Best Buttermilk Pancake Recipe | Pancakes Recipe | Best Recipes

My friend Yolanda has probably had pancakes in every city in the world. As an intrepid traveler and the mother of a first-grader (see her amazing family travel blog Travels with Clara), she’s shortstacked and griddlecaked her way through the last six years. So when she came back from Bette’s Oceanview Diner in Berkeley last year proclaiming she’d had the best buttermilk pancakes ever, I believed her. Imagine my delight when I found out

the recipe exists in the diner’s made-for-moms Pancake Handbook. Not only that, there’s a whole section on upping the fun factor for kids. (As if pancakes need any help in that department.) I thought I’d share a few:

Use this basic recipe:

Bette’s Diner Buttermilk Pancakes


  • 2 cups all-purpose flour
  • 2 tablespoons sugar
  • 2 teaspoons baking powder
  • 1 teaspoon baking soda
  • 1/2 teaspoon salt
  • 2 eggs
  • 2 cups buttermilk
  • 1/2 cup milk
  • 1/4 cup butter, melted


In a large bowl, combine the flour, sugar, baking powder, baking soda, and salt. In a separate bowl, lightly beat the eggs, buttermilk, milk, and butter. Add the liquid ingredients to the dry ingredients all at once, stirring just to blend. The batter should be slightly lumpy and quite thick. Let the batter rest for 5 to 10 minutes.

Heat a lightly oiled griddle or heavy skillet over medium-high heat (357°F on an electric griddle). Cook according to kids’ variations below. If you are making regular pancakes, portion 1/4 cup measures of batter onto the hot griddle, spacing them apart. Cook for 2 to 3 minutes until bubbles cover the surface of the pancakes, and their undersides are lightly browned. Gently turn them over and cook for about 2 minutes more, until the other sides are browned.

Kid Variations:


  • Pineapple Upside-Down Cakes

    Place a pineapple ring on the griddle. Put a cherry in the center of the ring. Ladle 1/4 cup pancake batter over the pineapple and cook as directed for buttermilk pancakes. How fun is that?


  • Mickey Mouse Pancakes

    Pour enough batter onto the griddle to make a normal-sized pancake; immediately ladle 2 more tiny circles of batter so that they attach themselves to the first pancake to make mouse ears. Before serving, place raisins or blueberries on each pancake to make the eyes and nose and add a strawberry slice for the mouth.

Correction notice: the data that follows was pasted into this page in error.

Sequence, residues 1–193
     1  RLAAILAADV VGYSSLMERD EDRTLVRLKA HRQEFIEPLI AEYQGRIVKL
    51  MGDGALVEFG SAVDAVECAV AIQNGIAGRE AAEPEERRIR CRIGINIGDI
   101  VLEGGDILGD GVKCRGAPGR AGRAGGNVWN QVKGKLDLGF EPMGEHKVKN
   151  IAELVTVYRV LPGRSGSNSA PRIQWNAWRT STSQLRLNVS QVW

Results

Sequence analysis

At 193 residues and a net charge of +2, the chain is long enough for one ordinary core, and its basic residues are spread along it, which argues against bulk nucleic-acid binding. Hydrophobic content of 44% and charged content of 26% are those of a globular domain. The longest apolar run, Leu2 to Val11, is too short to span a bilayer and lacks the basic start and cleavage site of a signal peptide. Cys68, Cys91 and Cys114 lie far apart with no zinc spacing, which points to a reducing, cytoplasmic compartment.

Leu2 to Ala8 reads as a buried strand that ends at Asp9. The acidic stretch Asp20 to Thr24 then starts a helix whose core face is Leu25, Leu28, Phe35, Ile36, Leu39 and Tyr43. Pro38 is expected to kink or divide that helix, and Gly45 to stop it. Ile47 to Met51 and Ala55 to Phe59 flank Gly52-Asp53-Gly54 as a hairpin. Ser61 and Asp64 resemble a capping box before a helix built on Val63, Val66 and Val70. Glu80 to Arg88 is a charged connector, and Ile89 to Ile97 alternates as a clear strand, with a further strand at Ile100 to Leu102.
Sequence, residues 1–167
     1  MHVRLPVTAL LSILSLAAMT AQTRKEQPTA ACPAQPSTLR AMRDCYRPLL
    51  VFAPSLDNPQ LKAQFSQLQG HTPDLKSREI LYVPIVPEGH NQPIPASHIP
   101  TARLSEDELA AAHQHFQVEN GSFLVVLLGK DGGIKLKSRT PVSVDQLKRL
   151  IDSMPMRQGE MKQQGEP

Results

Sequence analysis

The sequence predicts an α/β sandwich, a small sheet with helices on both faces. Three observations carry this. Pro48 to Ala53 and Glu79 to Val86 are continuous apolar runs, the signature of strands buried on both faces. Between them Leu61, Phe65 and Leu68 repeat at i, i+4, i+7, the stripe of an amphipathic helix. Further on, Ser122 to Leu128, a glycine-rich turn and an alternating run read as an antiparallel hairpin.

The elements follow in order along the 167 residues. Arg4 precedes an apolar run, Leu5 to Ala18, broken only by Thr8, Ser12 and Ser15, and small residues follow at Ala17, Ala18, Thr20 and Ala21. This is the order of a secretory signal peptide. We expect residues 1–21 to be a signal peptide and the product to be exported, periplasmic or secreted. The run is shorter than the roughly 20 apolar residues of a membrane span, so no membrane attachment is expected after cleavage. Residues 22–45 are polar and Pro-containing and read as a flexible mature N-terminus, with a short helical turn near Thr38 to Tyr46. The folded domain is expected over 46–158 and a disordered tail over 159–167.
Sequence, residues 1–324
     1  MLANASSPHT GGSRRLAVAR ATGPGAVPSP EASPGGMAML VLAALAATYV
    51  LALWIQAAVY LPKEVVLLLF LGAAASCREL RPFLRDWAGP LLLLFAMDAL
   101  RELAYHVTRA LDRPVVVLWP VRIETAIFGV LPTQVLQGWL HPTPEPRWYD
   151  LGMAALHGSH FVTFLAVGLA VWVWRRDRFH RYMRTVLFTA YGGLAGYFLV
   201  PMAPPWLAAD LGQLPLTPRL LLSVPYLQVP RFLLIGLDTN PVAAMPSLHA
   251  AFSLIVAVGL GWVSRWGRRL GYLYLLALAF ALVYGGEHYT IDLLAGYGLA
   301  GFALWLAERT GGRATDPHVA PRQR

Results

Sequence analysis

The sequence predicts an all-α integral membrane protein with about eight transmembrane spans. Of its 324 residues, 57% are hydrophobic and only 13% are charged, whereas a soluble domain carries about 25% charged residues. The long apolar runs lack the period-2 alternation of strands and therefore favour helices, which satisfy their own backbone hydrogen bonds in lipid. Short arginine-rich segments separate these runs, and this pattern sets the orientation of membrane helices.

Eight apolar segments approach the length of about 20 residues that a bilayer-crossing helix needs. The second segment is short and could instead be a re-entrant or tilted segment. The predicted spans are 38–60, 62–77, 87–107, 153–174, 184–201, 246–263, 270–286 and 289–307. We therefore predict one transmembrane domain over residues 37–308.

• Alphabet Pancakes

    Make pancakes shaped like letters to spell out names or initials. Remember that the letters need to be poured onto the griddle in mirror writing, so that they will read right when the pancakes are flipped.


  • Pancake Sandwiches

    Spread jam, jelly, or a combination of peanut butter and jelly on a cooked pancake. Top with a second pancake. Allow the sandwiches to cool slightly so that kids can eat them with their hands. This is a good to-go option – Iris, my Boston Terrier puppy, seems to think so, too.


  • Silver Dollar Pancakes

    Kids can’t resist miniature food. Use 1 to 2 tablespoons of batter per pancake.


  • Snowman Pancakes

    Using the same technique described for Mickey Mouse Pancakes, make 3 circles, one above the other, each slightly smaller than the one before. Use raisins or currants to make a face and buttons. Warning: Do not attempt this when you have a bus to catch. Flawless flipping here is hard negotiate even under no-pressure conditions.


  • Granola Griddle Cakes

    Sprinkle a little granola into pancake batter for added crunch and sweetness.


  • Chocolate Chip Pancakes

    Add mini chocolate chips and chopped toasted walnuts to the pancake batter before cooking.


  • Cartoon Pancakes

    Thin some pancake batter with a little milk and put it in a squeeze bottle. Use this batter to draw a small, simple cartoon on the griddle. Choose something with a clear outline-a face, a picture of an animal, and so on. Allow to cook for 30 to 45 seconds before ladling regular pancake batter over it, so that the batter fills in the drawing right up to the outline. When you flip the pancake, your line drawing will appear darker on the surface.


  • Freezing Pancakes

    Pancakes and waffles can be frozen and reheated with perfectly acceptable results, so you can whip them up for hungry kids in a few minutes. To freeze, allow cooked pancakes or waffles to cool completely, then wrap them individually in plastic wrap or plastic bags.

    Reheat them in a toaster oven, conventional oven, or microwave.

  • Reprinted with permission from The Pancake Handbook by Steve Siegelman, Bette Kroening, and Sue Conley, copyright © 2003. Published by Ten Speed Press, a division of Random House, Inc. Click here to buy it from


Your turn. What’s your favorite twist on the traditional buttermilk pancake?


Article Posted 8 years Ago

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